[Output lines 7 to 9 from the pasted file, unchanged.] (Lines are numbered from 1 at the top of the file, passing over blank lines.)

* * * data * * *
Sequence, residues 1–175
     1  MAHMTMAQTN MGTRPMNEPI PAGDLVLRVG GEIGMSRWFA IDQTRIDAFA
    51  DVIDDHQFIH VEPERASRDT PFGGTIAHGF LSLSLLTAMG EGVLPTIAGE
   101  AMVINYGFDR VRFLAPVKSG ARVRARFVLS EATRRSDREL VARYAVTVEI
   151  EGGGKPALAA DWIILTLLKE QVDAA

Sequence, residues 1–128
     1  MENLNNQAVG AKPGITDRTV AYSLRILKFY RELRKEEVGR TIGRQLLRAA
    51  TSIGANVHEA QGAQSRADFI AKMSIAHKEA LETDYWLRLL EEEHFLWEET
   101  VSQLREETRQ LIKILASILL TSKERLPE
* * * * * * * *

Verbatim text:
     1  MENLNNQAVG AKPGITDRTV AYSLRILKFY RELRKEEVGR TIGRQLLRAA
    51  TSIGANVHEA QGAQSRADFI AKMSIAHKEA LETDYWLRLL EEEHFLWEET
   101  VSQLREETRQ LIKILASILL TSKERLPE